Blog Archives

Horseshow Hangover Symptoms

  • You put your horse carefully to bed having removed all the travel gear, adding rugs, feeding, haying and checking they were okay. You crawled into bed yourself at god knows what time and passed out

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Competition nerves and Winning Against Worrying

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I think this photo sums it up. I was at the AIRC festival with friends on an absolute diamond of a horse who never let me down. I loved it I really did but the photo shows the effect the stress and nerves were having on me – pale, tired and hungry. 

My anxiety around competition was never really just about competition. It was a fear of the unknown, of lack of control, of new things.  It started when I was a small child and if I was anxious about something I would feel sick and nervous. Things like exams, trying new things, bus trips. Over time it got worse and I was anxious before things I was actually looking forward to. The anxiety in turn caused illness as I have a sensitive stomach anyway so it got to the point that I was anxious of being anxious. I missed a lot of things because of it – sleep overs, the first day of pony camp, scouting trips. I was afraid to look forward to anything. My poor mother was tormented by it and had the patience of a saint at times especially when it came to high stress events such as the leaving cert (which I did on three Valium and about seven packs of polo mints a day). I managed miraculously to compete on horses as a teenager and adult. It was hard going – I used to meditate on the way over to try and calm myself down (yeah I was the odd ball), couldn’t eat and would be white as a sheet before a competition and exhausted afterwards.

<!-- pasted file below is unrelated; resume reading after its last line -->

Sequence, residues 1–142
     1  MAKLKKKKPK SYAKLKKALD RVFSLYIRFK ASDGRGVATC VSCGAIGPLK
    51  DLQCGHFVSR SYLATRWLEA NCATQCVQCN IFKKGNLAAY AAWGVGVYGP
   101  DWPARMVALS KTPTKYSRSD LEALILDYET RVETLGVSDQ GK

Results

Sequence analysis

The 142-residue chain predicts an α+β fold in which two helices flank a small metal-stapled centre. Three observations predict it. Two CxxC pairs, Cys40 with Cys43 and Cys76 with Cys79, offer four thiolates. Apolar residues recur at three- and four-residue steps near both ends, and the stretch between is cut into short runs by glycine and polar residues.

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Hail To The Bystander

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Hail to the bystanders

Always waiting to say

You shouldn’t be riding

Your horse in that way

 

Always ready with advice

When you fall to the ground

Although their only riding experience

Is reading horse and hound

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2015 – Show Horse to Dressage Horse

Lianne & I at Mullingar

Lianne & I at Mullingar

 

In 2013 and 2014, Dolly the big chestnut mare and I focused on and achieved many goals in the show ring. We had not achieved what I hoped we could in dressage and given my passion for dressage this always frustrated me. I had performed well on ponies before but Dolly and I always fell somewhere short of the mark in competition. In a class of seven we were usually fifth or sixth in our advanced intermediate grade and with this consistent mediocrity I was afraid I was becoming one of those people who bang on about ‘potential’ for years without ever delivering any actual!

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First World Equestrian Problems

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I want a pair of new shoes but I spent all my money on ones for my horse.

The horse now has three shoes, one bare hoof and a smug expression.

I can’t get a fly veil in the right shade to match my saddle pad.

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Common Phrases Heard at Competitions and Their Meaning

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“That fence is WAY over max height” – using the incredibly accurate measuring scale of ‘my own leg’ this fence is bordering on being a little on the big side.

“I’m not competitive” – I’d eat you for a rosette

“I’m REALLY not competitive” – you and the horse

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